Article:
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  • Health & Medicine

Our ‘cancer controversies’ pages – a one-stop myth-busting shop

by Henry Scowcroft | Analysis

24 November 2010

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Plastic bottles

Despite Internet rumours, plastic bottles do not cause cancer

It seems that not a week goes by without a mention in the media or the internet of something that may cause or prevent cancer. These stories are often over-simplified and can be misleading.

People often worry unnecessarily about these, get confused or distracted from things that genuinely affect the risk of cancer.

To clear up some of the confusion, we’ve added some new pages to the “cancer controversies” section of our website,  to address some of the more common questions that we get asked by the public.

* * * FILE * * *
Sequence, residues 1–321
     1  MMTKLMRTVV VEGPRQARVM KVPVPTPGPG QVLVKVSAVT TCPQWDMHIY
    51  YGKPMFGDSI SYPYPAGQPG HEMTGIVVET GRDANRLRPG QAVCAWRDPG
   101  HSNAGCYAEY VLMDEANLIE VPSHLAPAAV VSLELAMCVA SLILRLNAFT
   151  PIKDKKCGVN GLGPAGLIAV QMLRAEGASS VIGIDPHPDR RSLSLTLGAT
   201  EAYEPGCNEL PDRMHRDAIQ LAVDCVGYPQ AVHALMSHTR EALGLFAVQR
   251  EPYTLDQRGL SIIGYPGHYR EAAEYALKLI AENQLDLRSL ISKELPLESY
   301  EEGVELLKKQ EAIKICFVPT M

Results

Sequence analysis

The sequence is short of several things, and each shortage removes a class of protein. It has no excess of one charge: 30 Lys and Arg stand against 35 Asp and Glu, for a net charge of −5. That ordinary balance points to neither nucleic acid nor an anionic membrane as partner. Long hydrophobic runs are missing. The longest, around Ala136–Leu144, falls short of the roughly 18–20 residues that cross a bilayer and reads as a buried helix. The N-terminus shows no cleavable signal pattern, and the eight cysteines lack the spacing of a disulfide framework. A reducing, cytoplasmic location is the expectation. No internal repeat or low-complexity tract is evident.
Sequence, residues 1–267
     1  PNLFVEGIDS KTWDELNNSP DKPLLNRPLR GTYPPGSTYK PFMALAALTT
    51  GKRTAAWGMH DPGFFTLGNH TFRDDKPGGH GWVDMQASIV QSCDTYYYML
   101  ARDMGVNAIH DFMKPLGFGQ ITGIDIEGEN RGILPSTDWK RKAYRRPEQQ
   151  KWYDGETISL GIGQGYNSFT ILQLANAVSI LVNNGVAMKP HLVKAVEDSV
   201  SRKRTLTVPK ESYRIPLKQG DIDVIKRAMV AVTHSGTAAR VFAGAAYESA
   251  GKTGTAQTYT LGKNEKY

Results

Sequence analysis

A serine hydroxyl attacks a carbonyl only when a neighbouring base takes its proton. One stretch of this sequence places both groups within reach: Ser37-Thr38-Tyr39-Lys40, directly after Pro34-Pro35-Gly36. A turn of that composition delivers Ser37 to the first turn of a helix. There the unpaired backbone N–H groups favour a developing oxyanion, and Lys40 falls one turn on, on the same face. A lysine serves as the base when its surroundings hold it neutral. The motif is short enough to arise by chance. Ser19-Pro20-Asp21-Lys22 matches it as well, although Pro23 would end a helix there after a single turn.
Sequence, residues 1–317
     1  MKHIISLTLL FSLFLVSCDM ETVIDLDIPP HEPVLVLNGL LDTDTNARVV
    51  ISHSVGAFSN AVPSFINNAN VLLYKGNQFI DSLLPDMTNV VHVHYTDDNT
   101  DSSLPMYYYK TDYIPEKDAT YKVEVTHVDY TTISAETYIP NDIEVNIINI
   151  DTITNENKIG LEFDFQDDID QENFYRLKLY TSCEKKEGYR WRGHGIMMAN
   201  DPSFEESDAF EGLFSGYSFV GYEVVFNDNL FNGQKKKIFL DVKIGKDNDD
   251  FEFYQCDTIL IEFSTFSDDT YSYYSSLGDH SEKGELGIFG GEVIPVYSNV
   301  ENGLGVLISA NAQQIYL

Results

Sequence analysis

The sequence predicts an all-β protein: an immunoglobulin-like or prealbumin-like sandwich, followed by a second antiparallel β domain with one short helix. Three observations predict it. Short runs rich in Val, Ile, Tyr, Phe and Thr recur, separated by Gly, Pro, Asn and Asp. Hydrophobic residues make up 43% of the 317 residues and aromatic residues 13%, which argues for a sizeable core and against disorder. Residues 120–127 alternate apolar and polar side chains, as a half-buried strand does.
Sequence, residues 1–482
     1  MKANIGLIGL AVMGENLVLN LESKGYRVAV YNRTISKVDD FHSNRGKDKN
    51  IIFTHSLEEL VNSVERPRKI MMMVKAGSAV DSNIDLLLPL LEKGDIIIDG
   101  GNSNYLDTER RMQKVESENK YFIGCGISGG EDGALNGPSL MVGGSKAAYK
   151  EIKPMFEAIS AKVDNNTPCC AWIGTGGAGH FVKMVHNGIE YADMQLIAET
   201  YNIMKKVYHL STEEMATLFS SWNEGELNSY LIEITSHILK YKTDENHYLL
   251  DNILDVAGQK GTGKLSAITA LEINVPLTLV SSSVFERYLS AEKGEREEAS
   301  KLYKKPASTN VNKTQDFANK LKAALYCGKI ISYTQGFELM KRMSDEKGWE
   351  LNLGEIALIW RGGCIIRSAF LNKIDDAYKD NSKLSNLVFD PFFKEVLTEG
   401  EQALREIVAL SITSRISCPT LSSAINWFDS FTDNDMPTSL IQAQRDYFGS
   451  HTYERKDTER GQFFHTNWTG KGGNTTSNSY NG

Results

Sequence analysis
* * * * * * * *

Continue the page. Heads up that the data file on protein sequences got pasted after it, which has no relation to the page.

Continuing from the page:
The new topics are:

And these add to existing pages about:

The evidence linking these things to cancer varies greatly. For example, there is strong evidence that deodorants do not cause cancer but there is greater debate over the potential risks of power lines.

The trick is to look at the overall evidence with a sense of perspective. As Henry pointed out a while ago

Cancers are less common amongst people who take regular exercise, have a healthy diet, keep a healthy weight, who don’t smoke, who drink less alcohol, and are sensible in the sun.

It sounds boring but it’s what the science says.